Donald Trump is historically strong with his base, and that’s his problem

Donald Trump is historically strong with his base, and that's his problem

The same poll shows that Trump’s support among self-identified Republicans is 93% to 5% of Biden.

What’s the point: Trump made a clear play during his presidency of meeting the Republican base and the poll indicates that this effort is clearly paying off. Its base is not abandoning it, although its overall number remains weak.

Trump’s problem is that he practically exploited this support tank.

After making a great effort to get the score in the primary against virtually no competition, Trump is winning a little less than 95% of the Republican primary vote in general. It looks a lot like the general election poll that puts it at just under 95% of the Republican vote. It will be difficult for him to go much further.
In fact, Trump has more support among Republican voters right now than any Republican since at least 2000. You can see it in the ABC News / Washington Post survey. That, like that of Monmouth, has Trump almost 95% (94%), while Biden stands at only 4%.

Dating back to 2000, no Republican has ever had more than 91% of Republicans who supported him at this point in the ABC News / Washington Post poll. The average Republican had 84% of the Republicans behind him. A basic strategy in those elections made much more sense than one during the Trump era.

(The historical nature of these numbers applies if we include independents who rely on Republicans.)

Maybe Trump believes he doesn’t need to change his strategies because he ignored most people’s advice and still won in 2016. This is a mistake. In addition to the fact that there is good evidence that Trump it worked much more than a moderate than it was governed, Trump had much more room to grow with the base in 2016. He scored only 74% of self-identified Republicans in an ABC News / Washington survey taken from just this point – the lowest of all Republicans since 2000.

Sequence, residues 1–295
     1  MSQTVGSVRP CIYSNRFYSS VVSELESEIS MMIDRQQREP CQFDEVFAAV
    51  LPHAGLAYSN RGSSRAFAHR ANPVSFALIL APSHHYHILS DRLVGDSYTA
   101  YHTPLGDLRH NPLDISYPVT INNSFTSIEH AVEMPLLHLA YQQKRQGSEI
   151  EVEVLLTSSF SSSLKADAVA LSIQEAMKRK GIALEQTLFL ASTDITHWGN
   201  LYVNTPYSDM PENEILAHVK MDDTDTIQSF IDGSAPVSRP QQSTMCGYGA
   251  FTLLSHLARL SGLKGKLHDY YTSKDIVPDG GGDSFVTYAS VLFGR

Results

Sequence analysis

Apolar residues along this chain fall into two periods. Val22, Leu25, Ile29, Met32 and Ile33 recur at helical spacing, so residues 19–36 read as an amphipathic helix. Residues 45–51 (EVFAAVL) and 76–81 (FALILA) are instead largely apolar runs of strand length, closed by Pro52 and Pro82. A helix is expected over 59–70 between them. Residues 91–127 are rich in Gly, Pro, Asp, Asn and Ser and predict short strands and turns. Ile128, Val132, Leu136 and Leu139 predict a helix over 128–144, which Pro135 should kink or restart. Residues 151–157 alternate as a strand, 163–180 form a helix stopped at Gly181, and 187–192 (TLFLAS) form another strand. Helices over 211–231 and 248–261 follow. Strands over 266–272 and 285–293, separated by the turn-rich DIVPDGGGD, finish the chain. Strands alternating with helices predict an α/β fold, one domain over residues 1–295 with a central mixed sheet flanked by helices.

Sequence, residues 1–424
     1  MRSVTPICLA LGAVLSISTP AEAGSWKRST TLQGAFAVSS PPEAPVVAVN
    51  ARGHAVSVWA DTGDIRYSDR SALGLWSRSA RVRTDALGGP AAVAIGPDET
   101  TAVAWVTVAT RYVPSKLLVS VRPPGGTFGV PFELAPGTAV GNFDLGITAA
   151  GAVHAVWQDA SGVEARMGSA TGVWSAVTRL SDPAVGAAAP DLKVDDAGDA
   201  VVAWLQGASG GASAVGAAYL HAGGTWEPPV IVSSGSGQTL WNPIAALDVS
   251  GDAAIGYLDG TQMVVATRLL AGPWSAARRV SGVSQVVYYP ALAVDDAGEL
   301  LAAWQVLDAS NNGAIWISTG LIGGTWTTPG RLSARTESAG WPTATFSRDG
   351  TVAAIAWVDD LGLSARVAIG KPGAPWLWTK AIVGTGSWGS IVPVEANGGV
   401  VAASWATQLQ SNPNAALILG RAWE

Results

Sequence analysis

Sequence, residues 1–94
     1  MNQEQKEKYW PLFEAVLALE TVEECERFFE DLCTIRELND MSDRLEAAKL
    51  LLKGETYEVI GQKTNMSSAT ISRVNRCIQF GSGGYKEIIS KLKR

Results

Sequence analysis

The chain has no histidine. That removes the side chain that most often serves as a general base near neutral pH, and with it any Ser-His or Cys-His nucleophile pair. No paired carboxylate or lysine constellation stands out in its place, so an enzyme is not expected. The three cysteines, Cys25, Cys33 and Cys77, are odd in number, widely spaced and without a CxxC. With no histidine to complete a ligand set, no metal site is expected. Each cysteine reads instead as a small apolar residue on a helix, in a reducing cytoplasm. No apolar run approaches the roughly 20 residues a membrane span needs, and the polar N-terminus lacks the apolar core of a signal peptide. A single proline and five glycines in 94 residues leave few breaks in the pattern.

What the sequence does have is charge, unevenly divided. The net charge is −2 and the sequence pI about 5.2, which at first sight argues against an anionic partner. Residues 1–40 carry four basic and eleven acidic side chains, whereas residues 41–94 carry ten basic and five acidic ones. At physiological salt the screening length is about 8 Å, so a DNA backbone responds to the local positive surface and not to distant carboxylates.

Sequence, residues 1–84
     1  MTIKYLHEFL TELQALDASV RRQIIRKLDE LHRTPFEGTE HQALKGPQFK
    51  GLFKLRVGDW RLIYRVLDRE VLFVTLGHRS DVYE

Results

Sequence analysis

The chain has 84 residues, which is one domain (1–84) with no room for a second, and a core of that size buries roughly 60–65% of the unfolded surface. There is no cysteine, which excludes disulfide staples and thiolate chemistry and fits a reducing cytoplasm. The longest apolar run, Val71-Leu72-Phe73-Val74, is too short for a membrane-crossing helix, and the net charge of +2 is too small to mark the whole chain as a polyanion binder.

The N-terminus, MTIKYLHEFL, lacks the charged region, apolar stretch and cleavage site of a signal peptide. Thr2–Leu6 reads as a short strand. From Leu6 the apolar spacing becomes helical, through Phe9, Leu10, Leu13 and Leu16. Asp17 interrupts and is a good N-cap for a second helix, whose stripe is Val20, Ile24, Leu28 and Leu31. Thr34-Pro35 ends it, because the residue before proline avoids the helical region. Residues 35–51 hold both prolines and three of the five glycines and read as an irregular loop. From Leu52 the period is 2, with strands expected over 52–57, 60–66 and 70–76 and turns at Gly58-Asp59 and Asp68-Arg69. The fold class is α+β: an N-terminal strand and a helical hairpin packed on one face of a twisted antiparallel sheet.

Where Trump is weak is out of the republican base. In the ABC / Washington Post (numbers are similar for Monmouth), Trump is 39% independent and 3% democratic. Both are lower than any Republican at this point in the ABC News / Washington Post survey dating back to 2000.

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In other words, there is much more potential support for Trump outside of the basic Republican base. Trump, however, doesn’t seem interested in making the effort.

If Trump doesn’t change things, he may find that the other side’s base is bigger than his. Biden is currently conquering a larger share of Democrats (96% in Monmouth and 95% in the ABC News / Washington Post poll) than Trump who is winning the Republicans. Both polls, as was true of almost every year registered, measured more Democrats than Republicans in this country.

By continuing his basic strategy, Trump assures that he won’t see the bottom fall. He will find, however, that actually accumulating the coalition needed to win will be extremely difficult.

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